Chiropractor Sues Patient Over Negative Yelp Review

Chris Norberg left a negative review on Yelp after he got into a billing dispute with chiropractor Steven Biegel. Instead of quietly fuming like most people who get bad reviews on Yelp do, Biegel sued Norberg for defamation. Can you really sue someone for a negative online review?

Well, you can file a lawsuit for anything. The question is whether you will win. Norberg has set up a site, standforspeech.com, about his issue and made available the documents related to his case. Read ‘em and see who you think is right.

Remember folks, the best defense against libel and slander is the truth. As long as he’s telling it, he should be ok, right?

Below, what exactly Norberg said about Biegel that sparked the lawsuit in the first place…

The following statements are false as they apply to the plaintiff:
a) “A friend told me to stop going, cause Dr. Biegel billed his insurance company funny awhile before”
b) “So, I saw the guy for 2 visits, expected a bill for about 125 bucks… So ends up, Biegel billed me for over $500. I called to pay, and he couldn’t give me a straight answer as to why the jump in price, we got into an argument…”
c) “He called me back to cover his ass, and had reasons as to why he could bill for the extra amount, then tells me he would still write it off because he wanted to keep his word from the previous conversation. One reason he gave me, was that he runs a business and would stick it to insurance companies (even though that drives my premiums up, and makes me wonder who else he sticks it to.)”
d) The next day I received a voicemail from the receptionist, she told me that she talked to my insurance company and found out that my case settled, and even though it was for an amount less than expected, they felt I owed them $125.
e) [I was a bit put off by the fact that] “he wasn’t keeping his word anymore…”
f) [I don't think good business means charging people whatever you feel like hoping they'll pay without a fuss.]“Especially considering that I found a much better, honest chiropractor.”

9. Each statement described in paragraph 7, above, is libelous on its face. It clearly exposes plaintiff to hatred, contempt, ridicule, and obloquy because
a) the statement in 7 a) above,”billed his insurance company funny” suggests plaintiff is dishonest.
b) the statement in 7 b) above,”…he couldn’t give me a straight answer” suggests plaintiff was billing in a fraudulent and dishonest manner.
c) the statement in 7 c) above”He called me back to cover his ass, and had reasons as to why he could bill for the extra amount” suggest that plaintiff dishonestly made up false reasons which excused his billing practices. “One reason he gave me, was that he…would stick it to insurance companies,” suggests that plaintiff dishonestly [illegible] “even though that drives my premiums up, and makes me wonder who else he sticks it to)” suggests plaintiff dishonestly and fraudulently bills his other patients, and other business entities he deals with in his business.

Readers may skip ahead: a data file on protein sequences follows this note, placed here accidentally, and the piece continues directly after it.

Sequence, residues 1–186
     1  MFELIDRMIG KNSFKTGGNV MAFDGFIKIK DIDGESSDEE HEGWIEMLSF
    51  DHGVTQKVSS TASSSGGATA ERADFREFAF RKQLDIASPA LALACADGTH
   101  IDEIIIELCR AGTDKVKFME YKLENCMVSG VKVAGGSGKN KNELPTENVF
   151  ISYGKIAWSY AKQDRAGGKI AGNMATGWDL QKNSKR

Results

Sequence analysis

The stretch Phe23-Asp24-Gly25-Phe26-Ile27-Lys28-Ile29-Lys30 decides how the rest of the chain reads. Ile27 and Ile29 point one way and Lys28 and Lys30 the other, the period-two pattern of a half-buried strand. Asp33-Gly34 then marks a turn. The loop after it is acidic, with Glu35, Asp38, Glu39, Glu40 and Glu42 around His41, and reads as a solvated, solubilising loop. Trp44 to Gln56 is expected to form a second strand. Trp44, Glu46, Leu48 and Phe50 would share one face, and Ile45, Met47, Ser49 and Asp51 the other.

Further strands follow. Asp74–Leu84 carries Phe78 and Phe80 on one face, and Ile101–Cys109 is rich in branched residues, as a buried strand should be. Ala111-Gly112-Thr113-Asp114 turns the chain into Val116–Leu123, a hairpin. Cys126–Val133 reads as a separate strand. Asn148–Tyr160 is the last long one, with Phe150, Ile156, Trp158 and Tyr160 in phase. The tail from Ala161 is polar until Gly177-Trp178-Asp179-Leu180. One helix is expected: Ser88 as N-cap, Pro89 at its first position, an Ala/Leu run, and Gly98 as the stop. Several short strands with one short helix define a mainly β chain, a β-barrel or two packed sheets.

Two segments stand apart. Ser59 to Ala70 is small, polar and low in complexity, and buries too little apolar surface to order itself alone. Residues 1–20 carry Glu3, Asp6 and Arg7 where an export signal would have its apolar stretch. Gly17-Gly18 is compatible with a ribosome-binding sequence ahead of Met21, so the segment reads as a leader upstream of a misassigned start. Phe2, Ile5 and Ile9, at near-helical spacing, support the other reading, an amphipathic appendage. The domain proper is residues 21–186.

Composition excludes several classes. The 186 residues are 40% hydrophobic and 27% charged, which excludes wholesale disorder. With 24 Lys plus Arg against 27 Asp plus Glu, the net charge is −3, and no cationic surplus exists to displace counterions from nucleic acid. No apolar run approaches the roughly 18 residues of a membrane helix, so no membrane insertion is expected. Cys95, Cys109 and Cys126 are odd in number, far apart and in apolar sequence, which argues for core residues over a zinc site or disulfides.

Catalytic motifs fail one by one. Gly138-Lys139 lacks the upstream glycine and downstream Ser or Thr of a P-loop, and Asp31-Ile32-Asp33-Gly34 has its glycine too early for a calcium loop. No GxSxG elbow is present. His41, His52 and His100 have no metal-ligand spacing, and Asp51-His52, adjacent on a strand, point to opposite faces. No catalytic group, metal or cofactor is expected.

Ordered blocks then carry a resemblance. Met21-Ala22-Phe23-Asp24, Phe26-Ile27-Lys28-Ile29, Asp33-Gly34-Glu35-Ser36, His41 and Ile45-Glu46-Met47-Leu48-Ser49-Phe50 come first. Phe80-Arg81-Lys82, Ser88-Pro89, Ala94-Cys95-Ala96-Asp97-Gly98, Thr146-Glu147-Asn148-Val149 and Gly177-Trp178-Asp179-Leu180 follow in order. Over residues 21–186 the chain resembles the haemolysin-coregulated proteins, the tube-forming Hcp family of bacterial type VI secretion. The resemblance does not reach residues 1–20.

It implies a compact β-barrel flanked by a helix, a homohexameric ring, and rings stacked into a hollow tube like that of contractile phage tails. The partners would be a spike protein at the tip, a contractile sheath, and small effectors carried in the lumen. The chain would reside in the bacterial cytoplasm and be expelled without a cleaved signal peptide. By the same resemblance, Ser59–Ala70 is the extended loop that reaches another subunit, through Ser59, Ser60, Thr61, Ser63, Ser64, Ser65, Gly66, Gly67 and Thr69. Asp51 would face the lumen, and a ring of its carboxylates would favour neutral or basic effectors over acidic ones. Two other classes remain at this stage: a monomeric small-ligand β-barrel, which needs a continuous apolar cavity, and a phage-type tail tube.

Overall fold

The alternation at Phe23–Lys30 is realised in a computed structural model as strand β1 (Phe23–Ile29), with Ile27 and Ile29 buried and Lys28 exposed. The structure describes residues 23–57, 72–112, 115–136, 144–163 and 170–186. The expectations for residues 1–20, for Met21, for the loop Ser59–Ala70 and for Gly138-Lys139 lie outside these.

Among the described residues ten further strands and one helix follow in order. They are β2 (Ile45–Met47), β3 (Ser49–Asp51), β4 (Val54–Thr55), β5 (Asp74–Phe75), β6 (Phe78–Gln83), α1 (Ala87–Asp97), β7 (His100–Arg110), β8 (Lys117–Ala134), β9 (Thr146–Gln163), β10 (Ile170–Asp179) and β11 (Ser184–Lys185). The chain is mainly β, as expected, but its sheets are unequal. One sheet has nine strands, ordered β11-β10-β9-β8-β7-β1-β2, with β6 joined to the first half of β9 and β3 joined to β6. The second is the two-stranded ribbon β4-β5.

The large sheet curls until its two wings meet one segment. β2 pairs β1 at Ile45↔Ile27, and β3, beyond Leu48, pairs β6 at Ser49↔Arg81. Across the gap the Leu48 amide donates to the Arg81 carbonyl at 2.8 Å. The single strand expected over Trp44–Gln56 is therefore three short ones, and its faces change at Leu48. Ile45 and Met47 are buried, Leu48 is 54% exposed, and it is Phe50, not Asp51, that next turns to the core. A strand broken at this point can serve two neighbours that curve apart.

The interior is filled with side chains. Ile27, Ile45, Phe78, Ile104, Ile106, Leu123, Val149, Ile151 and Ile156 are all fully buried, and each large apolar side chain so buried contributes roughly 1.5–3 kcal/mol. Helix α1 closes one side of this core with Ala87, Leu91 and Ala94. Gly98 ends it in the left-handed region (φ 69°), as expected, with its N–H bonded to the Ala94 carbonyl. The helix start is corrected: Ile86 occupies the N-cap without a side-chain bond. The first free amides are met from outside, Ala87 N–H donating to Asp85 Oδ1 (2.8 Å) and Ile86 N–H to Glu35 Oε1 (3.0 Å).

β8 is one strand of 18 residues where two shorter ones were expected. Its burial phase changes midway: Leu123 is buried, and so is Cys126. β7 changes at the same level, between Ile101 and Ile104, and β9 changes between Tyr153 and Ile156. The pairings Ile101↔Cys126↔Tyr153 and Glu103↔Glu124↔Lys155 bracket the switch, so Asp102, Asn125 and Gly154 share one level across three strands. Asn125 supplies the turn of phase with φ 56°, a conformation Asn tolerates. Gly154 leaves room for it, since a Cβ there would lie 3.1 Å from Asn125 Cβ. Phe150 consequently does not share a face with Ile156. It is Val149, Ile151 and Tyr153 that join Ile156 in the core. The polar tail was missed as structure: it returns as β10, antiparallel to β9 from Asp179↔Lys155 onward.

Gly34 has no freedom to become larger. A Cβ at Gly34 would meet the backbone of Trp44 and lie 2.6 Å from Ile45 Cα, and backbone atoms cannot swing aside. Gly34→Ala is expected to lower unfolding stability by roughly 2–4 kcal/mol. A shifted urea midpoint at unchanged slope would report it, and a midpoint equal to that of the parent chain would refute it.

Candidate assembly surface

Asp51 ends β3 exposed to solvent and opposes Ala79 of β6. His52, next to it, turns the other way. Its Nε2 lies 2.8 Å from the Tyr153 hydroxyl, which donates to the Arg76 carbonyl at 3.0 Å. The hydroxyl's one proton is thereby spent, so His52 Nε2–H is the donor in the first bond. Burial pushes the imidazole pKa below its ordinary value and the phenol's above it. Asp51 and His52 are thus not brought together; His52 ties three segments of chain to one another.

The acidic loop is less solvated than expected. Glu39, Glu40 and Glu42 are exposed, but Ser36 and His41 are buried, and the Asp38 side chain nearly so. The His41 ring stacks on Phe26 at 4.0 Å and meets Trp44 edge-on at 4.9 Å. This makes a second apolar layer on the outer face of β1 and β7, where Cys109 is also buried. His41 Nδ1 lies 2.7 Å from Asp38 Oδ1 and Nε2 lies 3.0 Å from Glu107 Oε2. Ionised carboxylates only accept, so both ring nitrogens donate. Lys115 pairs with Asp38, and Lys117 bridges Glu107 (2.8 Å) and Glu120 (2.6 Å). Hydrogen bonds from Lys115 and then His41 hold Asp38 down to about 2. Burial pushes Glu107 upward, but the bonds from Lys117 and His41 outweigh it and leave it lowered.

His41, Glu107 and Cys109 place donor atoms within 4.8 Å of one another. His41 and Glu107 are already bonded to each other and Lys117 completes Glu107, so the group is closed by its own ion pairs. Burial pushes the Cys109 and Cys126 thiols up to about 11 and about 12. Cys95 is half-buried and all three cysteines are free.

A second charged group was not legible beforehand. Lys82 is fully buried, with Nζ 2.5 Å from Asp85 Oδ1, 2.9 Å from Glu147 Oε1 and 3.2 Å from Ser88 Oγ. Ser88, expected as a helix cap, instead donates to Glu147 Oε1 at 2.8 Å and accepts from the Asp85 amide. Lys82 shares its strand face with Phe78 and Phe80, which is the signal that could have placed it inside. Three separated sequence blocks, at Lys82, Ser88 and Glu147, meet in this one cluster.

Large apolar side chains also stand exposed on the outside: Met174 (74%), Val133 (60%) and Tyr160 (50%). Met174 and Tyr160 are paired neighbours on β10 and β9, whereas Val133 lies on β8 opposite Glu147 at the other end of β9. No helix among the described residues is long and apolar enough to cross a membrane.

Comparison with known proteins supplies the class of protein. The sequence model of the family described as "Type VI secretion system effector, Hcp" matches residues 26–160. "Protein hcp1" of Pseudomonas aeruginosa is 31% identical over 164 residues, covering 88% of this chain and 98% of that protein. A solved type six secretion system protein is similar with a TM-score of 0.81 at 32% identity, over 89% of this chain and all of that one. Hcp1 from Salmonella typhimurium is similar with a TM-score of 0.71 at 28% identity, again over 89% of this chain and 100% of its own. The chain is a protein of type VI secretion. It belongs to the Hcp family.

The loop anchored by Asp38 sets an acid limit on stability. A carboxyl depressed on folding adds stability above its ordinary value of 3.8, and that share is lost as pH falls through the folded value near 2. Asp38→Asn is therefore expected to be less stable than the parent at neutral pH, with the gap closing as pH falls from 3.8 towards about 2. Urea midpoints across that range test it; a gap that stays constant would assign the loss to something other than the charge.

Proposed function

10. These statements contained in defendant’s review posted online on yelp.com were seen and read by thousands, if not tens of thousands of consumers and prospective patients of plaintiff, as well as professional colleagues, who reside in and around the San Francisco Bay area, and were no doubt seen and read by many persons outside of the Bay Area.

11. As a proximate result of the above-described publication, plaintiff has suffered loss of his reputation, shame, mortification and hurt feelings all to his general damage.

12. As a further proximate result of the above-described publication, plaintiff has suffered the following special damages: injury to his business and profession, all to his injury….

You can read the rest in the online filing [PDF]. Rest of the documents are here.

(Photo: dougalug)

Comments

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  1. MissPeacock says:

    “These statements contained in defendant’s review posted online on yelp.com were seen and read by thousands, if not tens of thousands of consumers and prospective patients of plaintiff, as well as professional colleagues, who reside in and around the San Francisco Bay area, and were no doubt seen and read by many persons outside of the Bay Area.”

    Yeahhhhh….probably not true until you filed this lawsuit, Mr. Biegel.

    • SkokieGuy says:

      @MissPeacock: You so totally stole my thoughts! That and your fabulous screen name – damn you!

      How is it possible to claim damages when the Chiropracter’s own actions are responsible for generating far more damage (more YELP page views of his negative review) than the actions of the plaintiff?

      • lincolnparadox says:

        @MissPeacock: Not a bad piece of evidence to present. Prior to the press release, ot could easily be determined how many possible patients in the SF area read the statement. You could use any number of site trackers to do so.

    • slymaple01 says:

      They can subpoena the recorded hits on this review before and after the case was filed. If the hits on this pages before is just normal, average just like everyone else, then jumped AFTER the suit was filed, then the defendant can claim that no damage was done Until the suit and the subsequent generated publicity of the case was initiated.

    • valarmorghulis says:

      @MissPeacock: It’s known as the Streisand Effect.

    • MooseOfReason says: